The Royal Opera House, Covent Garden, has announced plans for the next seven years aimed at increasing the company's involvement with contemporary opera. Sensibly, many of the plans involve the Linbury Studio Theatre, a space which is far more suitable to trying out new work than the main house. The company will be developing collaborations, both continuing existing relationships and creating new ones with companies for co-commissions and collaborations; sometimes the only way that a large-scale new commission can be made affordable. They are also investing in nurturing talent, developing a relationship with the Guildhall School of Music and Drama, as well as having composers in residence. The Royal Opera's track record on contemporary opera over the last decade or so has been rather patchy, but putting on new opera is rather like falling off a horse, the important thing is to get on again and continue.
The company is working with the Guildhall School of Music to offer training opportunities for emerging composers, writers and directors. This new relationship starts with a conference about libretto writing at the Guildhall in April 2013; a subject which is all too often ignored in contemporary opera (I have a theory that some of the problems that I've witness with contemporary operas could have been solved via a decent libretto). There are also plans to continue the programme of opera development including workshops and readings; essentially this represents a continuation of the ROH2/Genesis Opera strand, but now brought into the main house so to speak. Composers David Bruce and Elspeth Brooke will be composers in residence during the 2012/13 season. This, of course, means that they will be working on participatory opera and opera for young people, but it is a useful route into the genre.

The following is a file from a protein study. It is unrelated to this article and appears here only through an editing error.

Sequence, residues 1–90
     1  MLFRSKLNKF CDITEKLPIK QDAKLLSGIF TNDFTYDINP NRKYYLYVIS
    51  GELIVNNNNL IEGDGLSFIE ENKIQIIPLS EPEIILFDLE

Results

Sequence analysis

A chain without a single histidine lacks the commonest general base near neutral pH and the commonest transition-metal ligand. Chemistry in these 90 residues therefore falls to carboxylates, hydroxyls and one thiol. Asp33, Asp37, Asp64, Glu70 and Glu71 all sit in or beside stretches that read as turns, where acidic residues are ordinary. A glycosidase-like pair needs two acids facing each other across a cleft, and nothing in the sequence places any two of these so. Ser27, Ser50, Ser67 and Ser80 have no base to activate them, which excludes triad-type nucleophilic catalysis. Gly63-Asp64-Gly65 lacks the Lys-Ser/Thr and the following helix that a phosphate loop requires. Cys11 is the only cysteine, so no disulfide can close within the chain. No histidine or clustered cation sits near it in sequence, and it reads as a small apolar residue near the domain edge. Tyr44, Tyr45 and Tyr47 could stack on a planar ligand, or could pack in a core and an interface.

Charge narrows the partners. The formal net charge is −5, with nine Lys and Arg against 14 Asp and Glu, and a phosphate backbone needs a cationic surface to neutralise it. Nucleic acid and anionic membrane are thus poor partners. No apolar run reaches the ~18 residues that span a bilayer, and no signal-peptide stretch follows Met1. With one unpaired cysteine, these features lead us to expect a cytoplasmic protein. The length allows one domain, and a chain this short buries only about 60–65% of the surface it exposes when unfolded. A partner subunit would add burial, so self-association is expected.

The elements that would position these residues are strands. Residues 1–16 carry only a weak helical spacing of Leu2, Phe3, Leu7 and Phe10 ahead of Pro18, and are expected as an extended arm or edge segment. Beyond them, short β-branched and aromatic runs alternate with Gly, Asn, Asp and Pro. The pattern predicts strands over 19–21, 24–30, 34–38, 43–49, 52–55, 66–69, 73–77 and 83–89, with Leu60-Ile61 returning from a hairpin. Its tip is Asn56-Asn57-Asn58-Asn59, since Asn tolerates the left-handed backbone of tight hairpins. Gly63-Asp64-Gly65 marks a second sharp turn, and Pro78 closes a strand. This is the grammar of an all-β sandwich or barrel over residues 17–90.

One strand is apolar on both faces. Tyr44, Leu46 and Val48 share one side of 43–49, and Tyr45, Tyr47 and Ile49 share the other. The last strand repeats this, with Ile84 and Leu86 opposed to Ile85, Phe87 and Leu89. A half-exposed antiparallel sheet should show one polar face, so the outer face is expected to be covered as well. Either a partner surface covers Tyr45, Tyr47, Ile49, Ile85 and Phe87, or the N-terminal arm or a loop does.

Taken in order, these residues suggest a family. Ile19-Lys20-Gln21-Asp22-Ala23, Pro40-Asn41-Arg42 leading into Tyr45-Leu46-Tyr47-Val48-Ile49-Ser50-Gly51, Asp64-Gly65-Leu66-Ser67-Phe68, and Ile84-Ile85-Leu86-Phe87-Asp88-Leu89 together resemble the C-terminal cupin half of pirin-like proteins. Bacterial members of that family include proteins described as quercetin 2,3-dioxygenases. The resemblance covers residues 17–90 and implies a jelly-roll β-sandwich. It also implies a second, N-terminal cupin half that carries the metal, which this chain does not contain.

By having, on average, just one contemporary opera per year the Royal Opera rather put a lot of pressure on the work, and the artists, in question. Their new plans involve far more new work, a rolling programme which will enable works to be produced without quite that degree of pressure. Both Kasper Holten and Antonio Pappano seem to be admirably committed to the idea of new work, and to integrating more into the way the Royal Opera House works. As I have said before, opera composers can only learn by doing and working in and around a great house like Covent Garden is an ideal start, if handled correctly.
For the 2012/13 season, in addition to The Minotaur and George Benjamin's new work Written on Skin, there will be the UK stage premiere of Gerald Barry's The Importance of Being Earnest in the Linbury Studio Theatre, directed by Ramin Gray and conducted by Tim Murray with Alan Ewing reprising his role as Lady Bracknell.
For the 2013/14 season there is a whole range of contemporary opera being planned for the Linbury Studio Theatre. Australian composer Ben Frost is adapting Iain Banks's novel The Wasp Factory, in a production which the composer is directing. It will be interesting to see whether Frost, who has worked in dance with Wayne McGregor and collaborated with German playwright Falk Richter, can manage the problem of translating a novel into an opera. The dramatic pace of the two genres is so vastly different, that you either end up with something which resembles 'scenes from', or you have a number of 'oh my god, all this plot to get through' moments.